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I have been obsessed with art for as long as I can remember. From the time I was a young girl, I was filling page after page in my sketchbook trying to capture the world both around me and within me. This drive never ceased. It was never a phase. It was never something I fell out of love with. Through my schooling, I filled the margins of my notebooks with doodles and images until it became clear to me that I had no choice but to pursue my passion further.


I obtained my Bachelor’s in Fine Art with a concentration in Graphic Design from Colorado State University and then headed into the design world working on posters, playbills, logos, and brochures. However, the longer I sat behind a computer bending to each design need, the more I realized this world was not for me. I felt stifled. I was unable to get the creative outlet I needed in this environment, and I decided it was time to try out something new.


I had always been fascinated by the art of tattooing. I remember cutting my barbie’s hair and then decorating them with permanent markers that I snuck out of the kitchen when I was young. Eventually, I began to crop my own hair into interesting cuts and colors and decorated my skin with ink as well. I loved the way a piece of artwork could accentuate the body, while the body, in turn, accentuated the art. When I told my partner, Thom, that I wished to pursue tattooing instead of Graphic Design, he just smiled at me and said that I was made for that.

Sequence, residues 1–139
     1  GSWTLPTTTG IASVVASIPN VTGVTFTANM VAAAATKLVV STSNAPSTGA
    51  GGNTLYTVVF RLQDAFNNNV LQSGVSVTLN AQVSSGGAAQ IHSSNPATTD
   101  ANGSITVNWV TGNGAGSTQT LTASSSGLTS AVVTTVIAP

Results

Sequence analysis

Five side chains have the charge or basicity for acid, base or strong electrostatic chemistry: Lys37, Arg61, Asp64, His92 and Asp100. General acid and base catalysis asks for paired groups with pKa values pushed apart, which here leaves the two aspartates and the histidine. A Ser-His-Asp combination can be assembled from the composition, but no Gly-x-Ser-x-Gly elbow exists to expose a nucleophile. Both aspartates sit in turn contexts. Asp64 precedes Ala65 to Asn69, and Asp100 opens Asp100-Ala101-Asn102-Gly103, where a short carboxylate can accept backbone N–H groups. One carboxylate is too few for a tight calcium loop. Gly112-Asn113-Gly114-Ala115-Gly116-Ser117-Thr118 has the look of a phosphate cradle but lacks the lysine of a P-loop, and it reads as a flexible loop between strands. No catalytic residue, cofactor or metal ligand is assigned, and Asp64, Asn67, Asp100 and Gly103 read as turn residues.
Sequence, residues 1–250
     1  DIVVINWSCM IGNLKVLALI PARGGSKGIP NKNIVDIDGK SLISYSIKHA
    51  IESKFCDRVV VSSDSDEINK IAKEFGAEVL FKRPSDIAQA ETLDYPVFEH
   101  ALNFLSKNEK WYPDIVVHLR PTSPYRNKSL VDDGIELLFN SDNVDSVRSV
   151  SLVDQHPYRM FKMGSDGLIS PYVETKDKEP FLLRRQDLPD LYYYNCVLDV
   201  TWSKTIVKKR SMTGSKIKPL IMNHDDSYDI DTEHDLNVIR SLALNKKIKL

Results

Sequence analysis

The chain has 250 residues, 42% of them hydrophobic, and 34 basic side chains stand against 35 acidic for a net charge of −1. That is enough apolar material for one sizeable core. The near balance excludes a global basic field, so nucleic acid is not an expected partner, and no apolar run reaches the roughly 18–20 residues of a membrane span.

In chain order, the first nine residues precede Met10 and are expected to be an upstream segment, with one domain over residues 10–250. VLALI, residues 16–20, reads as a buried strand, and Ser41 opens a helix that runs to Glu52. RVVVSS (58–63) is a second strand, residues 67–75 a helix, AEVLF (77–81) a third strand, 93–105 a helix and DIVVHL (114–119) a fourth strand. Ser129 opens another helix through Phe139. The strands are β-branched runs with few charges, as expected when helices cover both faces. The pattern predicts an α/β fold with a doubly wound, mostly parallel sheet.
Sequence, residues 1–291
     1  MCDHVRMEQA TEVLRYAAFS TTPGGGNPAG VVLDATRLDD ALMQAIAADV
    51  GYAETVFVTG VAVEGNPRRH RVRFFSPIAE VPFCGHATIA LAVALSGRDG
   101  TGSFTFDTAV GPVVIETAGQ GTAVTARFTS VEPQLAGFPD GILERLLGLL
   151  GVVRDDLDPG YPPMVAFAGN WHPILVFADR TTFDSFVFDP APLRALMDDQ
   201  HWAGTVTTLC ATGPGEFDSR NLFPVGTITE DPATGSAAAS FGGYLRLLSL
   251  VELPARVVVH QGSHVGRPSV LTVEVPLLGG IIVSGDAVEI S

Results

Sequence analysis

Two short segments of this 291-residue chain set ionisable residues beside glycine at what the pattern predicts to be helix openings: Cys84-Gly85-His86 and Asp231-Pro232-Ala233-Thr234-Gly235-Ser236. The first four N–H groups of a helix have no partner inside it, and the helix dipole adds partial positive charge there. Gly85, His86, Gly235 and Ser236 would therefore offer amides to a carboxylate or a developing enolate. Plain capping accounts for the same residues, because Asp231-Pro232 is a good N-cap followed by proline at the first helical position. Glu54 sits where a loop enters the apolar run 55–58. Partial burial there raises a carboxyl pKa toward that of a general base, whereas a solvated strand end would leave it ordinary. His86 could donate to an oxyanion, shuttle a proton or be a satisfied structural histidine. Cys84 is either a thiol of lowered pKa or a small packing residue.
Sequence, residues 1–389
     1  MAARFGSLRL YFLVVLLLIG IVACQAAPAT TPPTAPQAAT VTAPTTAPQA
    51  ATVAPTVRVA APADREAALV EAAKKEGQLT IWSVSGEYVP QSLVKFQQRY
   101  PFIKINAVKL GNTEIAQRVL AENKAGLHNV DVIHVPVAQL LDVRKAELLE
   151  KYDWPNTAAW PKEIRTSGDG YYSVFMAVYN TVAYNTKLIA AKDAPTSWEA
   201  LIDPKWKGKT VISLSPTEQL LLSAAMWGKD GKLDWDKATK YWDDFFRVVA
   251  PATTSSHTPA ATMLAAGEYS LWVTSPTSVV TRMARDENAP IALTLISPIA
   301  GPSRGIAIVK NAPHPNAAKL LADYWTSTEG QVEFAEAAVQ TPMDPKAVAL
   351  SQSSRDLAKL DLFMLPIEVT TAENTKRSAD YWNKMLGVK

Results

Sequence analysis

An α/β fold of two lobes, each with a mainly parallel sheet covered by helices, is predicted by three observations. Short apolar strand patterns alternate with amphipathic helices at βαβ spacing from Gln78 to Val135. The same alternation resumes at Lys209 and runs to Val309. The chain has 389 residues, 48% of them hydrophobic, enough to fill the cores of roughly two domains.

Thom helped support me while I spent a year apprenticing and working part-time as a paint and sip instructor, and I eventually became a hired artist for the same shop. Being a woman, I noticed that any female that walked through the shop doors gravitated toward me as their artist. To me, it made sense, as I was much less intimidating and had a style to my work that held a more feminine flare. I loved being able to help empower women by helping them reclaim their bodies in a new way.

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Over my time spent there, I really took in the way that masculinity had taken over this space and how uncomfortable and uninviting it could be toward both women and to anyone with ideas different than the tattoo artists. I wanted a space where people could feel comfortable. I wanted a space where artist and canvas collaborated on the tattoo, so that they could be proud and happy with every part of their new piece and didn’t have to feel talked into something they would later regret. And so again, I decided to uproot and try something new.


Starting my own business was the scariest thing I had ever done, but it also turned out to be my most exciting adventure yet. With the help of Thom and my parents, I found a small studio near the heart of Old Town Fort Collins where I could provide a comfortable, spa-like experience to all my clients. I wanted to change the idea that getting a tattoo meant being intimidated and strove to provide a space my mom would love getting tattooed in. This dream has been my reality for about two and a half years, and I feel so incredibly grateful. I have the best support team and loyal customer base a girl could ask for and find myself waking up excited to tackle each an every day.

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